Domestic Abuse and Human Trafficking Awareness

We all must come together as one if we would like to end domestic abuse and human trafficking. I applaud the brave women who have been coming forward, discussing their past and the traumas they have endured. One of the reasons that we read history books is so we can learn from others mistakes. If we would like to make an impacting change in this world, we must acknowledge the whole issue.

Human trafficking is conveying people from one area to another with the intention of sexual exploitation. Most of the human trafficking going on in the United States is different than what we view in the media. Some trafficking movies show women shackled to a bed or held hostage. That would be human trafficking but is dissimilar to the growing concern today.

A great amount of warning signs to look for with human trafficking victims resonates with my past as a prostitute. For instance: By no means in control of one’s money, must meet daily quotas, owing a large sum of debt, has a pimp and working long, odd hours. Checks into hotels, avoids eye contact with others, evades law enforcement, physical and mental abuse. Has a tattoo of the pimps name, small amount of personal belongings, mental issues, drug addiction and recruited through empty promises.

The human trafficking conferences throughout the United States are here to bring awareness to the predicament and combat trafficking, yet people are still unaware of the actual problem. Law enforcement has human trafficking stings to crack down on the matter. During these stings, police officers arrest prostitutes, johns and pimps. Although this is an easy way for police officers to make an expeditious amount of arrests, it is unable to stop what is going on.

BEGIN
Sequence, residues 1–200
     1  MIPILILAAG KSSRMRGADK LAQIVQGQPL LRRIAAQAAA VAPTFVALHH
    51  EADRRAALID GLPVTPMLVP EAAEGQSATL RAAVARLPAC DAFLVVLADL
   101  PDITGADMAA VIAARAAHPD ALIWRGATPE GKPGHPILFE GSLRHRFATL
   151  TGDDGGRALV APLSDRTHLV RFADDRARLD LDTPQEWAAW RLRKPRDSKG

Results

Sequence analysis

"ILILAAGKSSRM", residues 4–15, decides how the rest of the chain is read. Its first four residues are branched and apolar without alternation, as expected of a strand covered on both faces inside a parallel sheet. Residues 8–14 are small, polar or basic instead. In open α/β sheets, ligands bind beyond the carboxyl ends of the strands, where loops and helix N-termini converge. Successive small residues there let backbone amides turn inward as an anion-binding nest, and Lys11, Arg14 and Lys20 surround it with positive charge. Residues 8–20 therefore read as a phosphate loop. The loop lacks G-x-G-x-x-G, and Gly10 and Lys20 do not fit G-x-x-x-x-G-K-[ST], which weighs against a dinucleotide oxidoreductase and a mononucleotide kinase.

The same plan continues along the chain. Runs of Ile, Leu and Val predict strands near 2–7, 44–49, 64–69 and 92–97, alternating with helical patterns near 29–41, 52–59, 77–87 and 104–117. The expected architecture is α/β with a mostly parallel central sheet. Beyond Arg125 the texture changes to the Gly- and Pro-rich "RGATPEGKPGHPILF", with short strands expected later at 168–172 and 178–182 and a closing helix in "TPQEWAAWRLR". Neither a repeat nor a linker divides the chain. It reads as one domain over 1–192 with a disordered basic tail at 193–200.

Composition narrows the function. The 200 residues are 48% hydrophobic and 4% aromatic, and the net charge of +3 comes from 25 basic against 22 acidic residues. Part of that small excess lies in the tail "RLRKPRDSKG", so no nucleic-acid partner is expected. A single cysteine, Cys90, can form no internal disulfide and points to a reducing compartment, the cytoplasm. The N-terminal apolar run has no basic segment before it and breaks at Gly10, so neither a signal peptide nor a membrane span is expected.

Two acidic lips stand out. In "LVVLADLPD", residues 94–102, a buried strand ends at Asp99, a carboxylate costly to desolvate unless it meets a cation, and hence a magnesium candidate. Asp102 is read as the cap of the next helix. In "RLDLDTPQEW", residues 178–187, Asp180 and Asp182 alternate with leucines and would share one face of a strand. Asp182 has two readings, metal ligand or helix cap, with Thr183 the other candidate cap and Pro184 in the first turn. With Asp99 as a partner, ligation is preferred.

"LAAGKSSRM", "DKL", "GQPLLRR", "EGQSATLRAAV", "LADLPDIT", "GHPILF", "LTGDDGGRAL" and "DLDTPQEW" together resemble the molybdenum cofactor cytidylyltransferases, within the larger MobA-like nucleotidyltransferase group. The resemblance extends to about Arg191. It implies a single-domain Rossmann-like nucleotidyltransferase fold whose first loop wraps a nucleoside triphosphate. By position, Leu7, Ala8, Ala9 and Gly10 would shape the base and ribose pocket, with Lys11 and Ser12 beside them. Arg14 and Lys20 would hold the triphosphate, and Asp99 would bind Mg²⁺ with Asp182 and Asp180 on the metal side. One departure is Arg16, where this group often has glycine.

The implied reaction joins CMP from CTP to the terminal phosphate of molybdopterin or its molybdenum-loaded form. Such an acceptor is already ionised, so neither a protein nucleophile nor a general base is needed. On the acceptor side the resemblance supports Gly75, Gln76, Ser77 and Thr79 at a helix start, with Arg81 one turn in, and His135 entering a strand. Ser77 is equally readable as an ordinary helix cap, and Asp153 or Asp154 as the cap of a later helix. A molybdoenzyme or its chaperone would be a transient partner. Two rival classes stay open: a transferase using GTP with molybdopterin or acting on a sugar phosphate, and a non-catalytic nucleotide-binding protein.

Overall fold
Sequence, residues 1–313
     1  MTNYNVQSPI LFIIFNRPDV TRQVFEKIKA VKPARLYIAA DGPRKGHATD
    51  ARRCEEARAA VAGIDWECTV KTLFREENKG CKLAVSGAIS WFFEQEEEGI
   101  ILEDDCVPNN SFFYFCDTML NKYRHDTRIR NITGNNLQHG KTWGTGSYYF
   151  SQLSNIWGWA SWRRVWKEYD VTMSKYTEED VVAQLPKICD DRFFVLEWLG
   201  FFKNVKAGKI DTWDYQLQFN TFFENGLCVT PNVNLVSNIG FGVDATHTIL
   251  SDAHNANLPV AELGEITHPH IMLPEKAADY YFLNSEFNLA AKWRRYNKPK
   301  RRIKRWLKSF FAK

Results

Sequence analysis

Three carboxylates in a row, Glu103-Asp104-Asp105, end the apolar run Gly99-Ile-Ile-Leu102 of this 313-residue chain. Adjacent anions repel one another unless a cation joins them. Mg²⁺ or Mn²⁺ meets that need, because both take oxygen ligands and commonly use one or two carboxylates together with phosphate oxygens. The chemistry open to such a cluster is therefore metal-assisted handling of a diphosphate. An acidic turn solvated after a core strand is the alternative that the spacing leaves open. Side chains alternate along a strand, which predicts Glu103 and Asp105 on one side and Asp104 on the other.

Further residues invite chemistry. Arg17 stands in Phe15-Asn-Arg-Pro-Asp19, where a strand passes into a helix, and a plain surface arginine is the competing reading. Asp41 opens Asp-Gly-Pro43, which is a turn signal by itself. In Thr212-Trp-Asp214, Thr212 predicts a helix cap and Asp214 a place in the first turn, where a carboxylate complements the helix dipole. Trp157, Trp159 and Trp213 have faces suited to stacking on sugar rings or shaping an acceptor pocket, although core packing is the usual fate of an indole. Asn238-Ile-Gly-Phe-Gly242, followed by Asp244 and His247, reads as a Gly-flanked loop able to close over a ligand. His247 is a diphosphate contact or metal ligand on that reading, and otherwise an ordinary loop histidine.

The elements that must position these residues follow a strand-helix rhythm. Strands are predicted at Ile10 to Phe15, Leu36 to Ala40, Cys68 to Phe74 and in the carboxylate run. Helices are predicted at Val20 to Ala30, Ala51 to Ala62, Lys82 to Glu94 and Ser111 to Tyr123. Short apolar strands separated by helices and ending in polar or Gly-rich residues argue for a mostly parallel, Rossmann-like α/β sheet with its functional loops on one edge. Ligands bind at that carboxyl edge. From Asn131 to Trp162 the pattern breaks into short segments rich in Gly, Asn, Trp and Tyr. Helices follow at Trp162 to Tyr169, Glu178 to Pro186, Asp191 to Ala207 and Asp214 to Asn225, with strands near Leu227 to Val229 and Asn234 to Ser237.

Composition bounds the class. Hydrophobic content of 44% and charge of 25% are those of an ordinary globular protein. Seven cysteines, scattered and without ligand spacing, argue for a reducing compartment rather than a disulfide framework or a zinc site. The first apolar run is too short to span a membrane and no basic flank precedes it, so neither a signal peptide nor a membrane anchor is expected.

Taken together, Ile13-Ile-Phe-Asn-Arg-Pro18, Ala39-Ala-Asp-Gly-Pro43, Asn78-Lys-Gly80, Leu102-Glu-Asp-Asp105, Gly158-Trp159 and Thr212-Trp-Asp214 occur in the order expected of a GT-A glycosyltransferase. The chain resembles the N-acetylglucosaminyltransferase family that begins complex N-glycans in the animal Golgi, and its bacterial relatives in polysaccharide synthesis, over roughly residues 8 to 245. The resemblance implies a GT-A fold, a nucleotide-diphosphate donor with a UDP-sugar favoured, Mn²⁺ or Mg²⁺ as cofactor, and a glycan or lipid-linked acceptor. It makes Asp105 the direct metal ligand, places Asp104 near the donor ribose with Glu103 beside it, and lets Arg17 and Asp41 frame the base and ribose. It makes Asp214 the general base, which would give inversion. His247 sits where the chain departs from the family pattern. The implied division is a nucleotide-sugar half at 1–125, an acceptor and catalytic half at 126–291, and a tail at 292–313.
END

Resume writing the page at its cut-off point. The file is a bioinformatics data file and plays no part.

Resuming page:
The escorts selling their bodies have no chains or shackles keeping them there. Prostitutes paying pimps are prisoners of their own minds. A person must want to change and follow through; in order for this to happen, one must change mentally. Most of the human trafficking going on in the United States today is similar to the situation I gained the courage to escape from; this is domestic abuse.

I was in the prostitution lifestyle for seven years. Every pimp I have ever had was African American, excluding one Portuguese pimp. They all mentally, physically and/or financially abused me. My last pimp of five years abused me in all three ways. While I was with him, I felt stuck and thought I had no other options. It was like he had me chained to him by invisible shackles. Though when I was willing to make a change, I found a way to leave.

Being with my pimp felt like I was in a prison, yet it was my own mental prison that I was living in. What he did is intolerable, but I had something wrong with me too; I didn’t love myself and I was weak-minded. I let him be the captain, however, I am more than capable of steering my own boat. Although the abuse played a role in keeping me there, it was my mental problems that bound me there.

We must eradicate domestic abuse because it is unacceptable. I am a survivor and I wish for other survivors to know that they are not alone; I hope victims realize that they can break free from the abuse. If we would like to make a significant difference, we must address the entire problem. We need a change in this world and the time is now.

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